Data indicates mothers less likely to pay child support than dads
Posted on behalf of Thomas Pettinicchi of D'Amico & Pettinicchi, LLC on Mar 09, 2015 in Child Support
The process of establishing child custody and child support can be hard for those involved to get through. While custodial parents may feel relieved once everything is worked through, issues may still arise. Specifically, the noncustodial parent may fail to pay the amount owed. This could cause serious problems financially for that parent as he or she tries to provide for the children.
The phrase “dead beat dad" is one that is often heard in conjunction with the failure to pay child support. The reality however is that it is not only dads who are shirking this responsibility. Mothers do it as well. In fact, according to one data expert, mothers actually fail to pay child support at a higher rate than fathers. Readers may be surprised to hear this.
In reaching this conclusion the data expert used information from the Census Bureau in 2011. In that year, 25 percent of custodial mothers did not receive the child support they were owed. In contrast, 32 percent of custodial fathers were in the same boat. The Census Bureau defines custodial parents as those who take “care of their kids while the other parent lives someplace else".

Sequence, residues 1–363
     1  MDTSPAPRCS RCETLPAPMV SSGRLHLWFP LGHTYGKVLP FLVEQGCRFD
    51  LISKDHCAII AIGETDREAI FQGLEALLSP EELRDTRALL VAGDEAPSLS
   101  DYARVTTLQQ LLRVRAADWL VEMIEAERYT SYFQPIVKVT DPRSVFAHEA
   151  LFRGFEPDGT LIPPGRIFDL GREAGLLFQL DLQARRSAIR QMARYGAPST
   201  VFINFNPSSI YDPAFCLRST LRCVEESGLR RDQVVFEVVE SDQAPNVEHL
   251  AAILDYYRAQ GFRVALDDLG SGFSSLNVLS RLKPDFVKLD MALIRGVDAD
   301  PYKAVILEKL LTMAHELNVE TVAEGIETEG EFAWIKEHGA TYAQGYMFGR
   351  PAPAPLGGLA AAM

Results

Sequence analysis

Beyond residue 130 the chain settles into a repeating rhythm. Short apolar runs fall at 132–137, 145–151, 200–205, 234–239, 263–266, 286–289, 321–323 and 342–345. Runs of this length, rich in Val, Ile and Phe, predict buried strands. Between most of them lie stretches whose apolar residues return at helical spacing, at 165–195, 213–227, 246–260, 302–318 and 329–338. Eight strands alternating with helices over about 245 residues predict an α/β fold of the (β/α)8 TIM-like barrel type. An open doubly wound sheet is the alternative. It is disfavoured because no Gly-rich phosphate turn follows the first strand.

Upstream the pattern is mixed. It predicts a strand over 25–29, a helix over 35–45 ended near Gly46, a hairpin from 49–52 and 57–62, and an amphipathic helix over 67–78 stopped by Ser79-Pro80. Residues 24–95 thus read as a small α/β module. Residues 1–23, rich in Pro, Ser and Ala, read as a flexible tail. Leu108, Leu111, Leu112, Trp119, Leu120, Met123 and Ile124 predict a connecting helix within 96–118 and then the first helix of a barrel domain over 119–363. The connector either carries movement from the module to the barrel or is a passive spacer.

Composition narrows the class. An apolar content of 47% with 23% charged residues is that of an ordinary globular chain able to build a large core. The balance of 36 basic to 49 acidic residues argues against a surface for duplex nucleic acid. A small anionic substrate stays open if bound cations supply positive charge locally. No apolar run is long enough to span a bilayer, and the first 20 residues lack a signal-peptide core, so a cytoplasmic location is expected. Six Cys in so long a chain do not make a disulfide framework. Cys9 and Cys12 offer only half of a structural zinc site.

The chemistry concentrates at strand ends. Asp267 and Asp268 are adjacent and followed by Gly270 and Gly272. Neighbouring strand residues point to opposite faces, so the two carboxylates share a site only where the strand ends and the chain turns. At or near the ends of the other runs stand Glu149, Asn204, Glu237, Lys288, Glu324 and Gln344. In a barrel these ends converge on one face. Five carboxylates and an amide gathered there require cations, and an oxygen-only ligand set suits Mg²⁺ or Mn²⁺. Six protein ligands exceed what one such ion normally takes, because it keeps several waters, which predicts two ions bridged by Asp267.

Information provided by the Census Bureau did not indicate why this is true.
Regardless of the gender of the parent who is not making the child support payments as required, custodial parents should be aware that legal options are available. An enforcement action may be brought against the parent who is not keeping up his or her end of the bargain. To determine whether this approach makes sense, it is a good idea to consult a family law attorney.